Wednesday, October 19, 2011

The Mystery of Epigenetic Heredity, and Its Possible Impact on Longevity

The basic mechanisms of life and inheritance function much the same in worms, fruit flies, mice, and humans. That is one reason why lower life forms are used so often in longevity research. Much shorter lifespans is another reason. A recent Stanford study on worms provides a hint at an epigenetic method of inheritance which may eventually prove useful for extending lifespans in human offspring.
The study used Caenorhabditis elegans worms with very low levels of the SET-2 enzyme. The SET-2 enzyme normally adds methyl molecules onto DNA's protein packaging material. In doing so, the enzyme opens up the packaging material, allowing the genes to be copied and expressed. Some of those genes appear to be pro-aging genes, says Brunet. Her team knocked out SET-2 by removing genes that code for it. This had the effect of significantly lengthening the worms' lifespan, presumably because those pro-aging genes were no longer expressed.

Next, the long-lived, enzyme-lacking worms mated with normal worms. The offspring had the regular genes for making SET-2, and even expressed normal amounts of the enzyme, but they lived significantly longer than control worms whose parents both had regular lifespans. The life-extending effect carried over into the third generation, but returned to normal by the fourth generation (in the great-grandchildren of the original mutant worms). For the first few generations, having a long-lived ancestor increased life expectancy from 20 days to 25, extending a worm's life by 25 to 30 percent on average.

Brunet and her team haven't yet determined the exact mechanism for the lifetime extension, or which molecules are at work. This is one of the study's imperfections, says David Katz, who researches epigenetic transcriptional memory at Emory University. Regardless, "the effect is clearly epigenetic," he says, "and it's probably one of the most complicated traits that has been linked to epigenetic inheritance."

...The results, published October 19 in Nature (Scientific American is part of Nature Publishing Group), provide the first evidence that some aspects of lifespan length can be passed from parent to offspring, independent of the direct influence DNA. _SciAm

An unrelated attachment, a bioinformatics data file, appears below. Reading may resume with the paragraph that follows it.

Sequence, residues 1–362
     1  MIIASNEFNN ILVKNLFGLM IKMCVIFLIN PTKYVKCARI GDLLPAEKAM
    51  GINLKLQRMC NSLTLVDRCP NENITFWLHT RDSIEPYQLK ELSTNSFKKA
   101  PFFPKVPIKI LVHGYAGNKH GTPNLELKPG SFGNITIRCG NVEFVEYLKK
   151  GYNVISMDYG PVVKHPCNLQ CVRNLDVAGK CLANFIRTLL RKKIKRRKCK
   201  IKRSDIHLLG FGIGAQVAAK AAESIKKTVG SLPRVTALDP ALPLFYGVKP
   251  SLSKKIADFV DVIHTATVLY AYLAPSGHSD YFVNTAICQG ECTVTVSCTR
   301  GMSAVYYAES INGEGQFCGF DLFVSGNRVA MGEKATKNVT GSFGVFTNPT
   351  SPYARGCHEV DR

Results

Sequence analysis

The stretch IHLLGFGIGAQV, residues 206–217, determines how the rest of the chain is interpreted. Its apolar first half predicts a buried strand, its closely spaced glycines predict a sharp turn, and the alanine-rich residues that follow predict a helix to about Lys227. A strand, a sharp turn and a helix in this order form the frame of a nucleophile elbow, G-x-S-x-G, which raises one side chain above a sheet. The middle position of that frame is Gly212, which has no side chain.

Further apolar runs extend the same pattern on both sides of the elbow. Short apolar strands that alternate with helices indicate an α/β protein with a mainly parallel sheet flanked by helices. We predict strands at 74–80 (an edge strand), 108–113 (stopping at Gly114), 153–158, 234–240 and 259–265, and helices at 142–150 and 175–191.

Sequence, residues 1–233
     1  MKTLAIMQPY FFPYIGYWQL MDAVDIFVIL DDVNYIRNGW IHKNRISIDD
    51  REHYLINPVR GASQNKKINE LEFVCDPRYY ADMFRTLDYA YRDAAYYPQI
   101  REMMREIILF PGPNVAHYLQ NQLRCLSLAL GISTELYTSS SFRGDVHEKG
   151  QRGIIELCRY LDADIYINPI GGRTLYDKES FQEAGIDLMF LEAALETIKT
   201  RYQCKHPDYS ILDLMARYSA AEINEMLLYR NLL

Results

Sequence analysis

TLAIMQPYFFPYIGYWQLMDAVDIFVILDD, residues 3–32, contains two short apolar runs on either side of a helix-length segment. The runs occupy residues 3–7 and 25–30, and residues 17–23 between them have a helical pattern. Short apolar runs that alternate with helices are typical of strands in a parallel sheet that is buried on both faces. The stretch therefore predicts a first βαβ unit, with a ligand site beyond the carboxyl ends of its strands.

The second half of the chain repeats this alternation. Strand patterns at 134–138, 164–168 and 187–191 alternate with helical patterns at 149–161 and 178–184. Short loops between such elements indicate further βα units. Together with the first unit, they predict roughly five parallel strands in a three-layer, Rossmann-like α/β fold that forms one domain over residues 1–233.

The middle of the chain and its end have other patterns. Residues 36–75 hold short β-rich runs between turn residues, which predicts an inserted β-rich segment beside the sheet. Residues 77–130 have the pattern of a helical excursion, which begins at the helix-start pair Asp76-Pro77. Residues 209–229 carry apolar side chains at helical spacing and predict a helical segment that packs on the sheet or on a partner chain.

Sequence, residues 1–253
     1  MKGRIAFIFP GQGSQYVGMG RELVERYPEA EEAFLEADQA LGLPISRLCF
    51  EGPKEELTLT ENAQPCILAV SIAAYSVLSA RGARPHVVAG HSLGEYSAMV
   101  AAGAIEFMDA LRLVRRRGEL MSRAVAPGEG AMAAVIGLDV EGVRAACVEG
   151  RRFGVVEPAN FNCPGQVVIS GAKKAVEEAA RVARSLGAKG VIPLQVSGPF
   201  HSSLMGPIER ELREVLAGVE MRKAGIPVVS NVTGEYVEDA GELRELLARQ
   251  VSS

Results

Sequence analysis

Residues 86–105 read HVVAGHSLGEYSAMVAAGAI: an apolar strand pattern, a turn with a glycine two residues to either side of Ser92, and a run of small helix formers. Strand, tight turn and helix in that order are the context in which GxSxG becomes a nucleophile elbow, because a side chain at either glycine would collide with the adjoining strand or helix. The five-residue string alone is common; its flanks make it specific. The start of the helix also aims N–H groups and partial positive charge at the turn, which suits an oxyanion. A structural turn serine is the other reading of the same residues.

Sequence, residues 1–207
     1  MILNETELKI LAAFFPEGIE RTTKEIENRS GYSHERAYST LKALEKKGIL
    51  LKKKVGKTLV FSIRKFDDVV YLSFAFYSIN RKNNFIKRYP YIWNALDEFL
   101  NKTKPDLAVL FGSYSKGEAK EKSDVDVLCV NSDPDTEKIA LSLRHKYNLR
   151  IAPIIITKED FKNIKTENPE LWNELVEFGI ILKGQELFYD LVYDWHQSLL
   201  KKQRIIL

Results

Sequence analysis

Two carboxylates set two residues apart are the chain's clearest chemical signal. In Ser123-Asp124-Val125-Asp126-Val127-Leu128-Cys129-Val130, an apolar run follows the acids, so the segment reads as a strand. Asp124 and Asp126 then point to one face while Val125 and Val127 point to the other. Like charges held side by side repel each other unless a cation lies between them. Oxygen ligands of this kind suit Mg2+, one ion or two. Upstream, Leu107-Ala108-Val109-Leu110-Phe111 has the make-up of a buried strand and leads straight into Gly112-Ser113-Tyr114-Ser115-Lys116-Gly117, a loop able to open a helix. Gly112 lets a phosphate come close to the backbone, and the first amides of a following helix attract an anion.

Contrary to what Dr. Katz asserts above, the fact that the research team hasn't determined the exact mechanism for the lifetime extension is one of the study's great promises.

Remember, it is often the questions that a study raises which causes the study to become frequently cited, and immortalised -- not necessarily the questions the study answers. Studies that raise good questions often act as springboards for entire new developments in science. Such may be the case here.


Sunday, October 09, 2011

What Supplements Should Be Taken to Preserve the Brain?

A recent study published in the Journal of Intelligence looked at the effects on IQ of a proprietary combination of nutritional supplements, called Ceretrophin, vs. placebo. The combination is made up of Huperzine A, Vinpocetine, Acetyl-l-carnitine, R. Rosea and Alpha-lipoic acid, all readily available over the counter in the US. The researchers tested the subjects on Ravens Advanced Progressive Matrices (APM) prior to treatment and after 4 weeks of treatment or placebo.
A significant study visit (time) treatment condition interaction was found: F (1, 57) = 7.279, p = 0.009, partial 2 = .113, with paired samples t-tests revealing a significant improvement in mean APM score from baseline to retest (week 4) (t(34) = 4.045, p < .001) for the Ceretrophin group. Improvements in APM scores could be attributed to the active intervention over the placebo, indicating that the treatment improved general intelligence. Implications for improving our understanding of the biological basis of intelligence and pharmacologically improving human cognition are discussed. _Intelligence_via_Inductivist
Ron Guhname at the Inductivist blog suggests that this improvement in Ravens APM scores represents an increase in IQ score of 6 points (see comment at link).

The assortment of supplements included in "Ceretrophin" provides a wide spectrum of effects on neural tissues, including anti-inflammatory, stimulant, vascular, and neuroreceptor effects.

In addition to the supplements listed, there are a number of others which should be considered, including curcumin and omega 3 fatty acids. It would be easy to go overboard on taking supplements, so make sure that you find a good justification for each supplement that you choose to take. Also keep in mind possible interactions between supplements, between supplements and any drugs you may take, an any potential of supplements to exacerbate a pre-existing condition you may have.

In general, the doses of supplements and herbs available OTC in pills and capsules in western nations, should not represent significant risk to most individuals.

Al Fin gerontologists and cognitive scientists do not dispute the findings in the study, although they feel the sample size was too small for definitive conclusions. Nevertheless, the study suggests that similar research with larger sample sizes and a variety of supplement combinations could be justified.


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